The President should find a way to thank Congress
I have to admit—my position on the Iraq war has been taking a waffling lately. It wasn’t always that way. In the beginning, I was steadfast in my belief that not having an Iraq war was absolutely the right course of action, yet lately, I’ve been watching as everyone from Howard Dean to Steve Earle has demanded that we pull the troops out of Iraq and get them home where they belong.
That’s a sentiment I could embrace pretty easily, but there’s an annoying, contrarian thought that keeps crawling around in the back of my head and I just can’t get rid of it, no matter how much bug spray I use. The idea is this: if we pull out of Iraq early, not only will we have done irreparable damage to the people of that country, but we’ll be sticking them with our mess.
A fine mess it is, and one that, by the way, ends with Iraq either nurturing its infant democracy, breaking into several unstable warring parts, or turning into yet another repressive Islamic theocracy that I like to call Iran, Jr. I’ll leave it to the reader to decide which of those is most likely. And which is least.
So, I’ve found myself in the unlikely position of defending “the surge,” even though it’s probably a silly idea (too little, too late) with a seriously silly name, brought to us by the gang who started all the trouble in the first place. I’ve defended sending over even more troops and seeing this thing through, even as I’ve had friends fighting for their lives in the Middle East. My lack of military service makes me feel like one of those war hawks who served very little or not at all, yet sends others to fight at the drop of a hat. What do we call those guys again? Oh, yeah…presidents.
Then I read about American soldiers who have written home and told their loved ones that the Iraqis have basically hung them out to dry. The Iraqi forces, it is said, don’t support the U.S. troops, they fight amongst themselves, they form secret or not-so-secret alliances with local warlords. That makes me believe that maybe enough is enough. Solving the problem with the help of the Iraqis seems difficult, but solving it with them working against us seems impossible. Maybe we really should bring our forces home.
Then there’s the “spilled grape juice” analogy that I discussed with a friend of mine recently. It seems to me, that if you spill grape juice all over someone’s sofa, the least you can do is pay to have it cleaned. Make no mistake, we spilled the grape juice. We may have meant well at the time, but the alternative Iraq sans U.S. invasion looks very different than the Iraq we’re stuck with now. If nothing else, common decency would put us in the position of trying to stabilize the country before we all go back to watching “Dancing with the Stars.”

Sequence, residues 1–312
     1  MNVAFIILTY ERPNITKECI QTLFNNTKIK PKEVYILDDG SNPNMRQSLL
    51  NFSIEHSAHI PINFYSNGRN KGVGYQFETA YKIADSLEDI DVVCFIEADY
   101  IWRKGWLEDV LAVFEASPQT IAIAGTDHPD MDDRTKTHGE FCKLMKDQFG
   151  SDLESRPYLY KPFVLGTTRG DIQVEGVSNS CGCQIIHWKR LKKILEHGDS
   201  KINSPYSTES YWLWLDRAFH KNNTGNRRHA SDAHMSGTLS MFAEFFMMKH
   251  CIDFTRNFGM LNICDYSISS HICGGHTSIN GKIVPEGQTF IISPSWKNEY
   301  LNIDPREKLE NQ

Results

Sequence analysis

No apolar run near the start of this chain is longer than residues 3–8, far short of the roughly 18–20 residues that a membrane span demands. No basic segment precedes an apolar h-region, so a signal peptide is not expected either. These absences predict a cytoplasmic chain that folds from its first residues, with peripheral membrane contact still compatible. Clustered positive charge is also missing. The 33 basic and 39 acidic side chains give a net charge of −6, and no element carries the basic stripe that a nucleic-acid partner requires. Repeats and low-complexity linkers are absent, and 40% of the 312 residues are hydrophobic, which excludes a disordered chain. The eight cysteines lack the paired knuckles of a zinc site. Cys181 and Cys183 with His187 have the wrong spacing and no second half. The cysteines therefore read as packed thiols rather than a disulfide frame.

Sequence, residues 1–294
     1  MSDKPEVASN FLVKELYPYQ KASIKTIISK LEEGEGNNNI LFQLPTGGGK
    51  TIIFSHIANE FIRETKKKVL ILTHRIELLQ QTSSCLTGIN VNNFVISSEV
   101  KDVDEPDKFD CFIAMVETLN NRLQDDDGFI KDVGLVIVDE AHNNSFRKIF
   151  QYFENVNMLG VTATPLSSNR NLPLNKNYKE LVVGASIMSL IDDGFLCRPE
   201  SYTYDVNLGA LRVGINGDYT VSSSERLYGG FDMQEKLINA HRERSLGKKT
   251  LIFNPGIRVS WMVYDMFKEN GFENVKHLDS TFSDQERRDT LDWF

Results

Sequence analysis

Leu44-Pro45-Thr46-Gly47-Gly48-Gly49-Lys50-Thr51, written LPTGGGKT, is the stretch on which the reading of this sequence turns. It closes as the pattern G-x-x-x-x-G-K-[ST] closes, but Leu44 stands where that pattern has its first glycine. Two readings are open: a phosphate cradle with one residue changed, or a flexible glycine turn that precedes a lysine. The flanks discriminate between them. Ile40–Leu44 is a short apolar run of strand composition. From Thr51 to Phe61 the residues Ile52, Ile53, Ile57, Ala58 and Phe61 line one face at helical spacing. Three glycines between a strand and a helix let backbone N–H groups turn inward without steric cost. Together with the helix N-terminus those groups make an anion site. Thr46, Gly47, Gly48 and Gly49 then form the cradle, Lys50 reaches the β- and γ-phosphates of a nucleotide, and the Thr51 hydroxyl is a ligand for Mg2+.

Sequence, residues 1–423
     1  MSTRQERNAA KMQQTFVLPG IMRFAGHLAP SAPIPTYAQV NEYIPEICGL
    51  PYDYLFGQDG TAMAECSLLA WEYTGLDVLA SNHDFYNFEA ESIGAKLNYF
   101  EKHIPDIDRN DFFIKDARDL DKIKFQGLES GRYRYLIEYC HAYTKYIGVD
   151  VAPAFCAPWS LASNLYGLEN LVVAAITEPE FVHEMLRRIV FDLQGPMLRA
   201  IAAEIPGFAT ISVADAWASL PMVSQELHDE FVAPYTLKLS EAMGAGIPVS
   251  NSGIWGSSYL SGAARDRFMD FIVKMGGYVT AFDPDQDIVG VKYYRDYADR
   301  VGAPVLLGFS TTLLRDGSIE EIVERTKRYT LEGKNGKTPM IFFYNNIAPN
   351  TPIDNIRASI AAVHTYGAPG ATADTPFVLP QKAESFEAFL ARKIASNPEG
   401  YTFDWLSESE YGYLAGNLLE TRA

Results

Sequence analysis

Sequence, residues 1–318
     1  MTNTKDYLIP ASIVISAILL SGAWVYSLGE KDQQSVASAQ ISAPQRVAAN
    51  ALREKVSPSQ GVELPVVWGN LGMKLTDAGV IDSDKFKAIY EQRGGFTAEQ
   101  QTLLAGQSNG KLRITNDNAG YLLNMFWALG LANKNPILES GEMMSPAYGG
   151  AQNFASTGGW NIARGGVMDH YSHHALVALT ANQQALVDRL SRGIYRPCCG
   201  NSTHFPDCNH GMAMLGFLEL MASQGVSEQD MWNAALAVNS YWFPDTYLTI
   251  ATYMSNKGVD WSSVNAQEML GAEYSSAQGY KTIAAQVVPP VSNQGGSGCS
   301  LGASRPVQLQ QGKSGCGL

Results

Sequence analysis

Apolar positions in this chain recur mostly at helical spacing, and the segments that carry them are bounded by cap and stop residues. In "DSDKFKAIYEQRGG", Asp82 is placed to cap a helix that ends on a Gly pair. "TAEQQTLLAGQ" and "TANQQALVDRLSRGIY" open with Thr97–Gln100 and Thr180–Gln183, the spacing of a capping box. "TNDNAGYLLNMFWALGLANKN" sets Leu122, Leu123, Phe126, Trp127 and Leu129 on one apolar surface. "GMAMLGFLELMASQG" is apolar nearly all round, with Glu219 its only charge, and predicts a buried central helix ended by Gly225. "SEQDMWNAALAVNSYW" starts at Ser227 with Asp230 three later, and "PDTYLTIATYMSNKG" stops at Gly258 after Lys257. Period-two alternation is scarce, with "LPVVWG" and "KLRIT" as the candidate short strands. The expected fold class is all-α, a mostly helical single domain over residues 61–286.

Thus the waffling.
The only conclusion I can draw from all of this is that the U.S. is in a genuine no-win scenario. That doesn’t mean the terrorists have won, because I don’t think they have. What that means is that there is no good, clean end to the Iraq situation, no matter what course of action we choose. To paraphrase a line from the old movie “War Games,” the only way to win would have been not to play.
Do you think George W. Bush lays awake at night, musing that, like Waldo, the cure for Iraq is right there in front of him if only he can spot it? Me neither, but I’d like to think he loses a bit of sleep every once in a while.
Fortunately for him, the Democrats have parachuted into the Capitol bearing the perfect solution for the Republicans. Unfortunately for the Iraqis, the Democrats’ answer has nothing to do with fixing that country—they’re no smarter than anyone else when it comes to that, and the same no-win situation holds just as true no matter who’s in charge.
No, the Christmas present the Democrats hold in their hands is the face-saving that they are handing Bush and the Republicans, if only they’re smart enough to accept it. Sometime in the near future, Congress will send the President a bill with a date on it. That date will be the target for bringing American troops home. The President will veto that bill. Congress will be unable to override the veto, but will work with the President’s people on a new compromise bill that gets the troops out by a later date.
If they play their cards right, the core Republicans will rail against that new bill, telling us what a big mistake it is to set an artificial date for the end of a war. The president will sign the bill, all the while expressing reservations about the concept. In so doing, he can simultaneously unify his party, end the war, and dump responsibility for Iraq’s disastrous future squarely in the laps of the Democrats. “We didn’t wanna do it,” he’ll say. “They forced my hand. I said all along that pulling out was a bad idea, and they proved me correct.”
When your political enemies give you that nice of a gift, the least you can do is thank them with a nice steak dinner. At a bare minimum, Bush should send over a couple kegs of the good stuff.